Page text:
Editor’s Note: The Federal Reserve Bank of New York’s Staff Report, Shadow Banking Regulation, by Tobias Adrian and Adam B. Ashcraft is attached below.
The Federal Reserve Bank of New York has published a staff report that finds “uneven” progress in achieving a more stable shadow-banking system.
Authors Tobias Adrian and Adam Ashcraft review the rapidly growing literature on shadow banking and provide a “conceptual” framework for its regulation.
Having contributed to the credit boom in the early 2000s, the authors note how shadow banks “collapsed during the financial crisis of 2007–09”. Since that time, regulatory reform efforts have aimed at strengthening the stability of the shadow banking system.
The report focuses on identifying the gap between the optimal and actual regulation of the shadow- banking sector. “To accomplish this, we first outline a framework through which to understand optimal shadow financial intermediation, characterising the asset risk, liquidity, and leverage choice of shadow intermediaries in the presence of appropriately risk-sensitive funding,” write the researchers. “We then highlight frictions which drive a wedge between optimal and actual risk choice, resulting in excessive levels of asset risk as well as maturity and risk transformation.”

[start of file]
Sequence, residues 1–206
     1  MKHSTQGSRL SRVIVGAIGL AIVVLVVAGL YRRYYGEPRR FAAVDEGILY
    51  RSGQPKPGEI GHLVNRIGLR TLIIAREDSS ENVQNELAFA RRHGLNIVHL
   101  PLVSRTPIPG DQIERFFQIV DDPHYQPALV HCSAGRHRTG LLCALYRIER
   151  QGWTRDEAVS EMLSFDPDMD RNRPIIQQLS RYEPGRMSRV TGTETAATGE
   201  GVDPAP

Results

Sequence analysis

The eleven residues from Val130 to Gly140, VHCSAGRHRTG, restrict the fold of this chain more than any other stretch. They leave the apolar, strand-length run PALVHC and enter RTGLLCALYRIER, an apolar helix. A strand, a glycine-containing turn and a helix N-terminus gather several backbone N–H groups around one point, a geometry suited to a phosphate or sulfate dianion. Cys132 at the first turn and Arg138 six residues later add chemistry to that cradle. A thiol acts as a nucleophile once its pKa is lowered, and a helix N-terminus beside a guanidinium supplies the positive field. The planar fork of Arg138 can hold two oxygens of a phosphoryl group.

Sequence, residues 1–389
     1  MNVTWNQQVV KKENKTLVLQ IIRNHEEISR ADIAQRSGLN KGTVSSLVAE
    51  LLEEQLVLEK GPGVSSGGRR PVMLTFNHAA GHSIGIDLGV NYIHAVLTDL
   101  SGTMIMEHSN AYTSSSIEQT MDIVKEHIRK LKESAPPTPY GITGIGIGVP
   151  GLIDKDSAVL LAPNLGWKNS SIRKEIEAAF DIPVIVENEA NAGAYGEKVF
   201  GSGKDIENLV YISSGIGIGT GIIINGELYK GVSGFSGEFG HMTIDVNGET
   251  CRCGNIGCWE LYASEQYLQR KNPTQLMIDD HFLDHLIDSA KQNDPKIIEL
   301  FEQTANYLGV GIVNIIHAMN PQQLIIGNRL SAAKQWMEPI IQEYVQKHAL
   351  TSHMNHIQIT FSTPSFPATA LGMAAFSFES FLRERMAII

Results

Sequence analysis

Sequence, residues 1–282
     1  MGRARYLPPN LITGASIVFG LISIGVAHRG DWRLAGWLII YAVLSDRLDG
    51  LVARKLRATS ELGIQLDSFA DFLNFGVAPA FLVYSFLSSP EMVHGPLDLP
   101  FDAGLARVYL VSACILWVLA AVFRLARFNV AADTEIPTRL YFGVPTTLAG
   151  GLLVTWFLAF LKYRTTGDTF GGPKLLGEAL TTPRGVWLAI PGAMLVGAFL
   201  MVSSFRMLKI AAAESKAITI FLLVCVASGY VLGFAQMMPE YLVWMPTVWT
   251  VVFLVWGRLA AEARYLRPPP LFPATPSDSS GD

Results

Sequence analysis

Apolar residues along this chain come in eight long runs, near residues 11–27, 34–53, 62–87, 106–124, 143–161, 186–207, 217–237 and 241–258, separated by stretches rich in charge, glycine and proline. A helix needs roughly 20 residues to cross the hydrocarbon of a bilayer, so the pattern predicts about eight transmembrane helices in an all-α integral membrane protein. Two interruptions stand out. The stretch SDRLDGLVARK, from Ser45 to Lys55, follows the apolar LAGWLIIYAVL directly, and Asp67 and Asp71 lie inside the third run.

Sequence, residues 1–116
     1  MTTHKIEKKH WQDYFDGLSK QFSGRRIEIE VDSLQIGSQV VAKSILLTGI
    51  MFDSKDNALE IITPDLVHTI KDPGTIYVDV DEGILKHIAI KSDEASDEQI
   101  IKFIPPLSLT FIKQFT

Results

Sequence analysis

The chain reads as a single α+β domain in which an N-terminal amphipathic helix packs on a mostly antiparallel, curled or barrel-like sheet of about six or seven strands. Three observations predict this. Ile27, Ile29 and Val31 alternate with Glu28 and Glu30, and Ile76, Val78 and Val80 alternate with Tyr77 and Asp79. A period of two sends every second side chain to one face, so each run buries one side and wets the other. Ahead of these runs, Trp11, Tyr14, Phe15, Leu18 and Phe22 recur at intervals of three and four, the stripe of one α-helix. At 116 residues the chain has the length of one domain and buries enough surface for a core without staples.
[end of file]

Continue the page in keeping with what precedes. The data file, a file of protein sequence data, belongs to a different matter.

The report also reviews the implications of reform efforts for shadow funding sources, including asset-backed commercial paper, triparty repurchase agreements, money market mutual funds and securitisation. “Despite significant efforts by lawmakers, regulators and accountants, we find that progress in achieving a more stable shadow banking system has been uneven,” the report states.